How to comfort your teething baby

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Created on Oct 10, 2023 · 2 mins read

It’s usually not very difficult to tell if your baby has started teething. Around 4-7 months you’ll notice frequent crying, red cheeks, more drooling, problems sleeping, and general fussiness. You might even notice your little one is refusing food or is trying to nibble anything he or she can get their hands on! It’s important to remain patient but it’s natural to feel a little helpless.

Some signs of teething may include:

  • Irritability both Day + Night
  • Rosy cheeks / Face rash
  • Mild-High temperature
  • Gums are swollen and red
  • Pushing breast, bottle or spoon away

If they are unsettled at night and perfectly fine during the day, this may not be related to teething. So it is a good idea to look at how they are being put down for sleep and how you are resettling should night waking occur as a result.

A lot of parents will put their little one’s change in (or lack of) sleep down to teething. It is important to understand that this isn’t always the case and teething will generally cause disturbance for only a few days at a time.

Soothing your teething baby

Each child is different and sometimes you have to use a little trial and error to get results. The first thing to remember when you have a teething tot is that distracting them from the pain will help, and there are a variety of ways you can do this:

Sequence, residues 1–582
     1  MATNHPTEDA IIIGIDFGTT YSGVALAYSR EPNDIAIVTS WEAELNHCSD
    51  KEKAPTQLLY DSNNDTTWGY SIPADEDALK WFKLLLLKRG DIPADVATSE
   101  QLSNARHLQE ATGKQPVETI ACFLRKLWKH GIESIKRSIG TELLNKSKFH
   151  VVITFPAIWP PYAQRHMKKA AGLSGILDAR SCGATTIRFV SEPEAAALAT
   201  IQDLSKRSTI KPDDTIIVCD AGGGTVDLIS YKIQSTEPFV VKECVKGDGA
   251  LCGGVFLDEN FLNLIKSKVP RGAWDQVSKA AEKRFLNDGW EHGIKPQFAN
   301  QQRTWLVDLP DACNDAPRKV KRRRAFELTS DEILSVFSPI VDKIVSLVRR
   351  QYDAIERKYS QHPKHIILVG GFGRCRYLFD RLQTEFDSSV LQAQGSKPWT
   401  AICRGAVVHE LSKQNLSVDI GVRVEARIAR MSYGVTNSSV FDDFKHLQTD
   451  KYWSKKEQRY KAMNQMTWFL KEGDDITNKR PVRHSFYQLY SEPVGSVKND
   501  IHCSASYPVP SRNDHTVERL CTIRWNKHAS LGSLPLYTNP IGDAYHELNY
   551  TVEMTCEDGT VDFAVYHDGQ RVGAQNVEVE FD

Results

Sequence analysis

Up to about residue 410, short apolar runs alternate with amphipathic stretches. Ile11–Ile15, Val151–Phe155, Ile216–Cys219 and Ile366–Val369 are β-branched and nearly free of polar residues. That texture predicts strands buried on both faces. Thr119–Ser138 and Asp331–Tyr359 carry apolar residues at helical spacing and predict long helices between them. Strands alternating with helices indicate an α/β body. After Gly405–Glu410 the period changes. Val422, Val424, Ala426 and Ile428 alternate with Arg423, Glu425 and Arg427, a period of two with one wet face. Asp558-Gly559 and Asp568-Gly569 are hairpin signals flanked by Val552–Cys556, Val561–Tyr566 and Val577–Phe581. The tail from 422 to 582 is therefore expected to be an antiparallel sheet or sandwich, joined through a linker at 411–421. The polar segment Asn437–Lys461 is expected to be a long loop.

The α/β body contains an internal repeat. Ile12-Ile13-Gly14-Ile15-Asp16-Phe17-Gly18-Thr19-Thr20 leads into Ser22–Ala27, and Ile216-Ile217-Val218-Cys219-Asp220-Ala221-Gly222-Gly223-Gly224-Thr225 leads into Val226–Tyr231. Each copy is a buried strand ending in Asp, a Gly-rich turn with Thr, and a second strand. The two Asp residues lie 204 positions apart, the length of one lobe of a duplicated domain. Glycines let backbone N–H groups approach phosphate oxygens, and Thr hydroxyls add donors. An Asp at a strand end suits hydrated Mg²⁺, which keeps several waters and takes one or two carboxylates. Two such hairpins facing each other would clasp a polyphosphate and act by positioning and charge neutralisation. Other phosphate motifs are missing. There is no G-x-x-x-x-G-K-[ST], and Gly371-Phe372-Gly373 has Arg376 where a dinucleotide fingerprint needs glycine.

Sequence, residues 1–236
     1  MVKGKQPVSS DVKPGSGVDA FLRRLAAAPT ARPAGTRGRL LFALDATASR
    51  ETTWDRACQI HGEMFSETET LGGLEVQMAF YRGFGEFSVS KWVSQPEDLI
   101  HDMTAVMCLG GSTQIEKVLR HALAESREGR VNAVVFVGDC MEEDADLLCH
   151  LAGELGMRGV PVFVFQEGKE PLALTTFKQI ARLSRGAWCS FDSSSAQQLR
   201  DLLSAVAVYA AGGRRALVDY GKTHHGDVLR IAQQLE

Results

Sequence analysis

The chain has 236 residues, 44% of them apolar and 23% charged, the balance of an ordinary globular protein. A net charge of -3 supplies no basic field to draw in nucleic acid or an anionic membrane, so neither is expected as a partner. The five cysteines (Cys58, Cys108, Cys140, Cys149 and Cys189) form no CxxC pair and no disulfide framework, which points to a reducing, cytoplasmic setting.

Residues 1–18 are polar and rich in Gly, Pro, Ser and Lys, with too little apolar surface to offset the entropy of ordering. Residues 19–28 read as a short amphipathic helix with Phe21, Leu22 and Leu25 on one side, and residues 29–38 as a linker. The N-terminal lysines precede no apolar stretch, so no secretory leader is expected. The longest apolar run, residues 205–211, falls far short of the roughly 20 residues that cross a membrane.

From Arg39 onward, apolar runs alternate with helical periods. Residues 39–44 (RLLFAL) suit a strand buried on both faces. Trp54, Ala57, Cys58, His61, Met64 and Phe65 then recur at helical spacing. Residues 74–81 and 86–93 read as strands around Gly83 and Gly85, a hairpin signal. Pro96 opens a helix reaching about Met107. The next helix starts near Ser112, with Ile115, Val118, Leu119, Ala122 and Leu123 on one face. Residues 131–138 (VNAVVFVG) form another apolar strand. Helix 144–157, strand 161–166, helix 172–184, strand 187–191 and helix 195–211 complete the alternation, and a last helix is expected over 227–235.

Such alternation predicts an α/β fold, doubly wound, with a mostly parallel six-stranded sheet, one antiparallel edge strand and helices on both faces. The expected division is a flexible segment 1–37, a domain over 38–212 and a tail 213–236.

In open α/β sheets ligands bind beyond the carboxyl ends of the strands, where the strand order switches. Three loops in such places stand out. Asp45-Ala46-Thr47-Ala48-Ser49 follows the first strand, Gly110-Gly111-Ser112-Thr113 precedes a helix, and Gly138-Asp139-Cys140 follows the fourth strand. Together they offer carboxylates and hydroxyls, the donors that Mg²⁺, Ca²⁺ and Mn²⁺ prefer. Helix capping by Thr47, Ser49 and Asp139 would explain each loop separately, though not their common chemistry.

Affection and attention

  • Give them plenty of cuddles and extra attentionSome light pressure with something cold can also help relieve sore gums.
  • Gently rubbing or massaging the gums with a clean finger or a cold spoon.
  • There is a range of teething rings available to gnaw on. Chilled (not frozen) teething rings offer temporary pain relief through the pressure and cold and act as a distraction.
  • Using dummies/pacifiers is OK as long as you don’t put anything sweet on them like honey or jam. Children who are eating solids can also use remedies such as hardened sugar-free rusks, peeled cucumber or chilled carrots large enough that they cannot be swallowed.
  • Don’t add medicines to your child’s food or bottle.
  • Avoid the use of Amber necklaces and bracelets as they pose a choking risk.

If these measures fail to provide relief for teething, ask your dentist or pharmacist for advice before using any pain medication or oral teething gels that contain a local anaesthetic. Always ensure that signs of illness shown by your child are not due to alternate causes. Should your child appear ill, do not automatically link this to teething, consider consulting a doctor as well.

The Australian Dental Association encourages the improvement of the oral and general health of the public & promotes the ethics, art and science of dentistry.



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